1. No pressure. Go at your own pace.
  2. Sleep in if you want. Get your work done in three hours? Nap time!
  3. Save on gas.
  4. Field trips seem like cheating.
  5. Want to finish high school, start college, and get your license, all when you turn 16? Okay!
  6. Multitude of programs available; easy, difficult, cheap, expensive? You decide.
  7. Your education is in your own hands. Dumb? Smart? It's up to you.
  8. Want a better grade? Study up! Do-overs are allowed.
  9. Scheduling things is a breeze.
  10. Save on lunch money. Feed your child nutritious meals at home.
  11. Spend time with your precious cherubs.
  12. Hard to cheat when mom is watching over you.
  13. No dealing with teachers, lunch ladies, or coaches. Jumping on the trampoline is PE.
  14. Sick on Tuesday? Make it up on the weekend.
  15. Housework, cooking, bills, etc. are Home Economics (now FCS - Family/Consumer Science). My house was so clean and I was teaching her life skills.
Now, the truth is that although all of that was awesome, it turned out that she did miss her friends and wanted to return to public high school for her sophomore year.

Fine. I understood. I tried to put the wheels in motion for her, talking to every school representative I could get my hands on and... failed.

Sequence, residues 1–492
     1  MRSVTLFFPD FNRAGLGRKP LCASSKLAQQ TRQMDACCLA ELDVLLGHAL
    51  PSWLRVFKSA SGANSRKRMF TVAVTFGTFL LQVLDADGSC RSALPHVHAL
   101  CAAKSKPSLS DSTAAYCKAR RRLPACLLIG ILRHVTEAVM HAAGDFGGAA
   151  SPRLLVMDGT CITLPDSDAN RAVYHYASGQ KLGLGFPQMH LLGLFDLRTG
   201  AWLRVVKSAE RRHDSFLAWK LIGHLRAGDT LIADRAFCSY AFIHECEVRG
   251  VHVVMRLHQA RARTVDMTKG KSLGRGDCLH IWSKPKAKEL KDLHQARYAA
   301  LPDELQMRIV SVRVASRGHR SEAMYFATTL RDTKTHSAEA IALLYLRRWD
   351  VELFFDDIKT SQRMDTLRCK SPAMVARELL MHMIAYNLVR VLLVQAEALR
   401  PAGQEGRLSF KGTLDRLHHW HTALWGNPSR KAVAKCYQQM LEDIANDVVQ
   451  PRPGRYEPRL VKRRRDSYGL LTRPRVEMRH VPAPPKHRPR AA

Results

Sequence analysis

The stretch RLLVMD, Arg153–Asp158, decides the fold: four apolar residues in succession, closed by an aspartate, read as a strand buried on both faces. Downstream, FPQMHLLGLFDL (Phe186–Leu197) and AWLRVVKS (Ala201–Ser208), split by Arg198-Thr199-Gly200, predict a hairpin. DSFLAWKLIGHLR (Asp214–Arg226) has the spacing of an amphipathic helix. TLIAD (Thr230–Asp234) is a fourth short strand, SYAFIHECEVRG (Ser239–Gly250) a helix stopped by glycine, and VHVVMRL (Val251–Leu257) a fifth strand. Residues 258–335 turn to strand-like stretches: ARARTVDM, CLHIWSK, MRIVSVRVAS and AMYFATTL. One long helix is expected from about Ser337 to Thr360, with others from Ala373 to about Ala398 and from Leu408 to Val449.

Guess what? I found that it would have been easier to get her into college as a home schooled student than to get her back into public high school in the state of Illinois.

Even though she had worked hard and gotten straight A's her freshman year at home and I had kept full transcripts and charted each and every assignment with an Excel file and detailed grading procedures, our school district turned into Dr. Seuss on me.

We could not, would not, take her back.
We do not care if she's on track.
Not by herself, not in a crowd.
No home school credits are allowed!
We cannot, will not, test her in.
She can come back, as a freshman.
She'd have to repeat all she's done.
To be with her peers for public school fun.

As you can imagine, this went over like a lead balloon. She didn't want to repeat the year she'd done at home and we didn't want to feel like we wasted a year of her life, my time and effort, and four hundred bucks, which is twice what it cost for public school education when I enrolled her in her freshman year there.

In all the talks with superintendents, however, a comment was made to me that "it might be different if it were an accredited school we're familiar with."

Being ever so observant of this comment, I embarked on a new goal for her sophomore year of home schooling: get an accredited program to avoid future problems.

I soon discovered that this was neither easy, nor cheap, and that some of the top programs that met what we were looking for were religious, not secular. We are Christians, but we wanted a secular program. This post would go into book form if I took the time to explain why.